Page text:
Geishas, Ninjas, & Nudity
Everything about Japan is manicured. The trees, the paths, even the homeless are well groomed. It’s like an army of gardeners come out at night to spruce up the place. This is most evident in Kyoto, the original capital of Japan. There are actually over 2000 temples in theKyoto area and thanks to allied bombing restraint during WW2, they are all in excellent condition. Most are spread out over the city and outlying hillsides, so it’s a bit difficult to figure out which sites to actually visit. We picked a few based on recommendations and random guessing, and set forth to gaze at Buddhas and Geishas.
Our first stop was the Imperial Palace grounds; a sprawling area in the center of town that still houses government houses as well as a beautiful park. Nearby is the massive Nijo castle. Built in 1603, it has a moat, huge wooden gates and the coolest Ninja invention called a “nightingale floor” that squeaks when walked on to alert the Samurais of intruders.
The next day we visited the Higashiyama-ku district. An area with lantern-lined streets and shop filled alleys that give way to giant temple complexes. Definitely a treat to wander through. We spotted a few geishas in training (yes, they are still very much employed, but usually just for traditional services like tea ceremonies) and we sampled a wide variety of Japanese treats. The kiyomizudera temple at the top of the hill has an incredible view of the city and some very interesting prayer temples. You can even buy an assortment of small good luck charms, i regret not purchasing the safe driving amulet for our trip to China.
On day three we took a thirty minute train ride to the Arashiyama neighborhood. It also has a grouping of historical sites but is set further into the surrounding mountains. The scenery was stunning with meandering rivers and changing autumn leaves. We met an older man who didn’t speak English but helped us find the ancient Bamboo Forest. We mentioned to him that we wanted to see the Golden Temple so he happily motioned for us to follow him. After walking for half an hour we assumed he also wanted to visit the temple. To our astonishment, he pointed to the entrance, bowed, and went back the way he came. And that sums up the people of Japan; they may not understand you but they will go well out of their way to help you out.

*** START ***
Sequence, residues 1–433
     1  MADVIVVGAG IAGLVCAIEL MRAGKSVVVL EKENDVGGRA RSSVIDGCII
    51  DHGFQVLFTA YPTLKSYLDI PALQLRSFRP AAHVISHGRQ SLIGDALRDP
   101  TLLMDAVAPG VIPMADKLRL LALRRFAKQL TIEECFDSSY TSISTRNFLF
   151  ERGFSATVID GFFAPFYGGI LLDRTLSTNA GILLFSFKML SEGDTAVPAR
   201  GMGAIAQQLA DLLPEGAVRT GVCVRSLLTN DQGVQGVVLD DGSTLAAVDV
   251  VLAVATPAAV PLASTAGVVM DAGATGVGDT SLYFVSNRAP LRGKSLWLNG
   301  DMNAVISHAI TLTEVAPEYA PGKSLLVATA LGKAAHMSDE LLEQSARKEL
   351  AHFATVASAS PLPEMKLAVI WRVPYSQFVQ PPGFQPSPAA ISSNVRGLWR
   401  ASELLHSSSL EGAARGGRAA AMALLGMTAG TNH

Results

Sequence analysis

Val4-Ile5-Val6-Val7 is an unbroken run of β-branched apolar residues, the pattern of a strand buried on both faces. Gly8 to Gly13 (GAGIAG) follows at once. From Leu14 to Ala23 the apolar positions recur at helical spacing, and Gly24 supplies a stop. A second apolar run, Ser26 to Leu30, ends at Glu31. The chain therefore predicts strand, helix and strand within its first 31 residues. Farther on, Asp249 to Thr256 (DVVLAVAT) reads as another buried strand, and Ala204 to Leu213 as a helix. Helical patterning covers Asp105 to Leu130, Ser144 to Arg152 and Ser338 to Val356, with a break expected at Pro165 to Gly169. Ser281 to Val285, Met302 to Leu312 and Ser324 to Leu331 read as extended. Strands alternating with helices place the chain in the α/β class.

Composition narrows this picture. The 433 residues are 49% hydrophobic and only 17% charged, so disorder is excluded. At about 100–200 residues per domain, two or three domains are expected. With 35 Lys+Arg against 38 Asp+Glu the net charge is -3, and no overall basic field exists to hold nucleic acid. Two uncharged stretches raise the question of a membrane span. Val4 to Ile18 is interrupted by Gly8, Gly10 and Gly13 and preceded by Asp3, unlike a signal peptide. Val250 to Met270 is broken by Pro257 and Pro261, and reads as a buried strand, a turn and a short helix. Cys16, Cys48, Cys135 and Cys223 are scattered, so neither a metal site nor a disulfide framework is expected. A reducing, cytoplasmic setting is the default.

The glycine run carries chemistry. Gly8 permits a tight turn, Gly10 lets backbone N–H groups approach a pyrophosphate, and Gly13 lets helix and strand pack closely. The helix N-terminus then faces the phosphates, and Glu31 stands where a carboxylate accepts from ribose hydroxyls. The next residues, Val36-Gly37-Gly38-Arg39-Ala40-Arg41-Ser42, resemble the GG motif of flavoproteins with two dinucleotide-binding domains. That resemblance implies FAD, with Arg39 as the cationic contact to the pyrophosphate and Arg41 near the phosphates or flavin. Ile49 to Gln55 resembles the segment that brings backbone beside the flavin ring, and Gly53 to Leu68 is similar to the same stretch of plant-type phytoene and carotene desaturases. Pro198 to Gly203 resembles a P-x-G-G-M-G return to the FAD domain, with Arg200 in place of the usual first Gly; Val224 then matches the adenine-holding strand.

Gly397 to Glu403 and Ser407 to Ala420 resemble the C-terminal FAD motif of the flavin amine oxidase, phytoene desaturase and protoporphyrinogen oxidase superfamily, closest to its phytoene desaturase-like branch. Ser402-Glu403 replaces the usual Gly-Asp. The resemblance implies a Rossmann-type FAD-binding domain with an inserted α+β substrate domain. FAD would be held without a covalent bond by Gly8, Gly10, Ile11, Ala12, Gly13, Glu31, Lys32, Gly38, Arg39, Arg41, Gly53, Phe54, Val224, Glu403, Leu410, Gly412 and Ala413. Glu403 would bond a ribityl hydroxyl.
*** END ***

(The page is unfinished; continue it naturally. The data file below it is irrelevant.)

Our final excursion in Kyoto took us to the mountain village of Kurama. It was nice to be out of the city and wandering along some secluded paths. We hiked to the top of a hill where a temple greeted us as well as 100 Japanese school children all in matching uniforms – something you see a lot of throughout the country. After hiking back down the hill we found a Japanese onsen (thermal heated sulfur bath) to soak away our travel weary bodies. This was a traditional onsen, so the baths were separated. Cortney and I wished each other luck, donned our robes and went our separate ways. Like most things in Japan, there are explicit rules on how to properly use the onsen.
Step 1 – no clothes. Everything comes off before bathing. Ok, easy enough.
Step 2 – wash thoroughly before entering the bath. Well, I guess that does make sense. I just have and get sudsy and spray myself with a hose like a circus animal.
Step 3 – walk out, IN THE COLD (special emphasis because I didn’t want to misrepresent my country), towards a large steamy bathtub filled with a bunch of strange naked dudes whom I can’t communicate with. What the hell, I made it this far.
Step 4 – step into a very hot pool, gaze out into the mountains, and think, “Hey, I’m in Japan bathing ever so nakedly with other Japanese at high elevation, this is pretty awesome.”
And it is awesome. Once you overcome the initial awkwardness and the inevitable pins and needles from the extreme temperature variances, it’s quite relaxing and euphoric.
Just to come full circle, Cortney reports that not all things in Japan are well manicured and that the Brazillians are missing out on an untapped business opportunity.